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US technology giant Microsoft has been slapped with a $30 million fine after it was found harvesting the data of children via their Xbox accounts illegally.
The US Federal Trade Commission (FTC) announced the US$20 million (roughly $30 million) fine, saying that Microsoft violated the Children’s Online Privacy Act (COPPA) by not obtaining parental approval for the collection of Xbox account data for accounts of users under 13.
The issue arose in the account creation section of Xbox Live, the online Xbox service that allows users to play and chat with friends and requires them to provide personal information such as emails, first and last names, and dates of birth.
For those over 13, it would also request a phone number and for users to agree to Microsoft’s advertising policy and service agreement.
In the case of Microsoft, under 13-year-old children were also asked.
“Even when a user indicated that they were under 13, they were also asked, until late 2021, to provide additional personal information, including a phone number, and to agree to Microsoft’s service agreement and advertising policy, which until 2019 included a pre-checked box allowing Microsoft to send promotional messages and to share user data with advertisers, according to the complaint,” FTC said.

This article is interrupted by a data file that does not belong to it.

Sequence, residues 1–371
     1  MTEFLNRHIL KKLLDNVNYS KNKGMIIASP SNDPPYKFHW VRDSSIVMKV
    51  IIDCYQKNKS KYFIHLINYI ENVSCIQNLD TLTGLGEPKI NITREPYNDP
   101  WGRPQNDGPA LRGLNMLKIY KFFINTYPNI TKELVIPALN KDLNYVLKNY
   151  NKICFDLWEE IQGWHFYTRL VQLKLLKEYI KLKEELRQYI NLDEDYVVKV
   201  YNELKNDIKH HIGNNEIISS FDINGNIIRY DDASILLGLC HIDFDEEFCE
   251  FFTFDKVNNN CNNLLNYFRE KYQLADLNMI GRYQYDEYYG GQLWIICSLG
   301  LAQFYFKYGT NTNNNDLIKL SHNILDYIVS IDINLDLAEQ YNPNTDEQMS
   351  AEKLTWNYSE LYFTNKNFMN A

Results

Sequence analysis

Only after this step were parents required for the account to be completed.
The FTC said that complaints notified them of the issue, which led them to find that data collected between 2015 and 2020 was held by Microsoft for years in some cases.
As a result, the FTC ruled that Microsoft was in breach of COPPA and issued the fine.
“Our proposed order makes it easier for parents to protect their children’s privacy on Xbox and limits what information Microsoft can collect and retain about kids,” said the FTC’s Bureau of Consumer Protection director Samuel Levine.
“This action should also make it abundantly clear that kids’ avatars, biometric data, and health information are not exempt from COPPA.”
In addition to the fine, the FTC has said that Microsoft will “be required to take several steps to bolster privacy protections for child users of its Xbox system”.
Microsoft will be required to notify parents who have not created a separate child account for their children that doing so will provide them with additional protections, and obtain consent from parents for accounts that were affected if the account holder is still under 13.
The company will also be required to develop a data deletion program that maintains and deletes data that was obtained to gain parental consent if consent was not granted, within two weeks of the collection date, and to also delete all personal data collected once it is no longer needed to fulfil its purpose.
Third-party video game publishers will also be required to apply COPPA’s protections to any child whose data is granted to them by Microsoft.